Last week Ben and I chatted about taking an hour of the regular
meetings to explore rocket physics and, at his request, "geometry"
topics---first up, quaternions. So let's try that tonight.

During tonight's regular weekly meeting, from 8pm to 9pm anyone who's
interested is invited to chat about rocket physics: how physicists
model the forces on a rocket in the abstract, and how a practical
computer model of those forces should work.

Not trying to be nit-picky, but this has been bugging me for a while. I'll see if I can get my point accross without over-stressing semantics.

One doesn't learn about algorithms by studying science; That's too broad. Instead, *computer science* might make more sense. Similarly, I think what you want to know about isn't Physics (study of motion, energy, forces, matter, and spacetime), but rather Dynamics (study of forces that cause motion) and Kinematics (study of motion without regard to source of forces). I suspect that the use of the term "Physics" comes from the term "physics engine" which started some years ago associated with computer games.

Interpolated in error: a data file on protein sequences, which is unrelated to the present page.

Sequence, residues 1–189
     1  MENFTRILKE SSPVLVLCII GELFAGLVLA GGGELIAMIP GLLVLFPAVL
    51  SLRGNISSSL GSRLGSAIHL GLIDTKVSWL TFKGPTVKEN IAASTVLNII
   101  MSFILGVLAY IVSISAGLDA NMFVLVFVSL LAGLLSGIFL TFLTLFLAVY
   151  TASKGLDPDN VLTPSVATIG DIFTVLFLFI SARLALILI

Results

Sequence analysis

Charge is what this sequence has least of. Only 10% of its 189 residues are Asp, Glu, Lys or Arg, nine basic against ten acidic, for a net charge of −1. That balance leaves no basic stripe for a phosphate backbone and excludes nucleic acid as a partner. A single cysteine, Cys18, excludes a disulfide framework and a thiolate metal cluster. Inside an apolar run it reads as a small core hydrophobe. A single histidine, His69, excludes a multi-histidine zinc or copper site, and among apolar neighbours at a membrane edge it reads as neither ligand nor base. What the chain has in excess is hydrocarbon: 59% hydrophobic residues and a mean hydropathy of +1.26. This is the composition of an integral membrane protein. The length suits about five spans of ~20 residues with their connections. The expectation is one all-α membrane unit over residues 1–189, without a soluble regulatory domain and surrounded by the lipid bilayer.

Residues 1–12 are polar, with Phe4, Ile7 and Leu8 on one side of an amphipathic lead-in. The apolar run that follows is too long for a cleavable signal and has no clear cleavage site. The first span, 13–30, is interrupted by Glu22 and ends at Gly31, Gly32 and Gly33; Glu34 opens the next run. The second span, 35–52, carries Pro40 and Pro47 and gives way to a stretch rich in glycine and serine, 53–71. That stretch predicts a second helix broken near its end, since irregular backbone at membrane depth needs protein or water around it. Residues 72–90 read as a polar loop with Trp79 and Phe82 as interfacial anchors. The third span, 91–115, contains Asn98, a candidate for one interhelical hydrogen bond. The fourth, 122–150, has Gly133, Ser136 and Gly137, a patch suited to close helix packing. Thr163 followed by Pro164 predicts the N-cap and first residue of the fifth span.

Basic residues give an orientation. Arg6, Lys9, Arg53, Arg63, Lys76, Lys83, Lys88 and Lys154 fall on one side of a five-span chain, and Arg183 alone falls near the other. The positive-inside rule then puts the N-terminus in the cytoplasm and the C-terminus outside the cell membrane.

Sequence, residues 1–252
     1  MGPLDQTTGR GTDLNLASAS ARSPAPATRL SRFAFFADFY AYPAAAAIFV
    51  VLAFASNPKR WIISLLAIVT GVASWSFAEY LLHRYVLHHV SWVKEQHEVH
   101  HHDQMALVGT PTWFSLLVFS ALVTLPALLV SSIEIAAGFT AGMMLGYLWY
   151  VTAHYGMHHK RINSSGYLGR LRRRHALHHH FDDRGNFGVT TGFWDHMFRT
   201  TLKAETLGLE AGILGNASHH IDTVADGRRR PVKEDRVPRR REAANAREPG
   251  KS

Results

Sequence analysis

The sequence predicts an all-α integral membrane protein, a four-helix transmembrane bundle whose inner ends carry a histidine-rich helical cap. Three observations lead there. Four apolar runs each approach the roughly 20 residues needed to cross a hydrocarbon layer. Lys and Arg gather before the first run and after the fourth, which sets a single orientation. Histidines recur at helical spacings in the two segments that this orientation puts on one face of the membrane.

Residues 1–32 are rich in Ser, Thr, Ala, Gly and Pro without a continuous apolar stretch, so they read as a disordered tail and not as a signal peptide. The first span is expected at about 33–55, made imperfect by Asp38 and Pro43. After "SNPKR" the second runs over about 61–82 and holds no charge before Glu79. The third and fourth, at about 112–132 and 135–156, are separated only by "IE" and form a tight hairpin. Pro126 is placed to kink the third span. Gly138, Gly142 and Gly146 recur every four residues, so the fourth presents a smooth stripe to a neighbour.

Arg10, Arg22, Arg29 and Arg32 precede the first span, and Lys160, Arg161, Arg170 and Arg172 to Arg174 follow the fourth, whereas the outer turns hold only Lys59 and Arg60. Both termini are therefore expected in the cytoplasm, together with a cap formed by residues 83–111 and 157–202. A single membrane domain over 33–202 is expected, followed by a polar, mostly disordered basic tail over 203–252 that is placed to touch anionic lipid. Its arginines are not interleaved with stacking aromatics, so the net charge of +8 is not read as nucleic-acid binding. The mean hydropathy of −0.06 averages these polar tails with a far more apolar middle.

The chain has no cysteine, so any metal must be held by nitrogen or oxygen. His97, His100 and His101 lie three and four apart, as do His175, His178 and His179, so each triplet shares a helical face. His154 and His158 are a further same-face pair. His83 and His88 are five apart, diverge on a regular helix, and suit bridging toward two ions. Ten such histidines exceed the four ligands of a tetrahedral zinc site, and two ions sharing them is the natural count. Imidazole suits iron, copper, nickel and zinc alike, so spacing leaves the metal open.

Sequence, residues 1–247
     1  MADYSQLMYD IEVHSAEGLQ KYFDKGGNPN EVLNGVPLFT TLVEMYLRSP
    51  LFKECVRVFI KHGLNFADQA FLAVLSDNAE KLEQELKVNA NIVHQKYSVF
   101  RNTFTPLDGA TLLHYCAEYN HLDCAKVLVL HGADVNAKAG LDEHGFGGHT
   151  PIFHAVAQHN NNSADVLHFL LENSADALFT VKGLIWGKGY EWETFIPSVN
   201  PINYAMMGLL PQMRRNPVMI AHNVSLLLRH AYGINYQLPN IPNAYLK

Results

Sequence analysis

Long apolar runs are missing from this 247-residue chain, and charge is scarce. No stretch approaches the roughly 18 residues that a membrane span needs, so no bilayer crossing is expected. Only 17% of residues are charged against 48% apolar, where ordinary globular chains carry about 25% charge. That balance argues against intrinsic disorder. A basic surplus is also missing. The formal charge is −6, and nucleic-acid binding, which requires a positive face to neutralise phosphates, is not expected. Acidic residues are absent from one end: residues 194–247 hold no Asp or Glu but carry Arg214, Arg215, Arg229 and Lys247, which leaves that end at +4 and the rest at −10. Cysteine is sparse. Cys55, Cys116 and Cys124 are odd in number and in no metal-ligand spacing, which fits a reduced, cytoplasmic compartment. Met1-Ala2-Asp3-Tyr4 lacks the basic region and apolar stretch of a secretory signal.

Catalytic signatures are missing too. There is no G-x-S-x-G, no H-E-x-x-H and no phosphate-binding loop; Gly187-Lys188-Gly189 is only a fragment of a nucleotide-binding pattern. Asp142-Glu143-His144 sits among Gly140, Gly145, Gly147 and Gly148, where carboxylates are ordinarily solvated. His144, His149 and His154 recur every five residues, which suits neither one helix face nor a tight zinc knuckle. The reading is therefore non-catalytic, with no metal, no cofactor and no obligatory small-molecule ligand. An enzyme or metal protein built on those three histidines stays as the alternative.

I guess we *could* talk about relativity and mass to energy conversions, but it has little practical use for us right now :)

I took some time last week to wrap my head around quaternions so I'm
prepared to discuss what they are, why you want to use them in
practical physics models, and how the important operations on them


If we have time, I'd like to follow that up with discussion of how to
implement forces that cause rotation in rockets. Several people in
PSAS have been trying to explain this stuff to me over a period of
years and I'm hoping to get some of it to stick, preferably in the
form of executable code.

This probably isn't a 1-2 hour discussion... Others have spent ~40 hours on it so far. We'll see.

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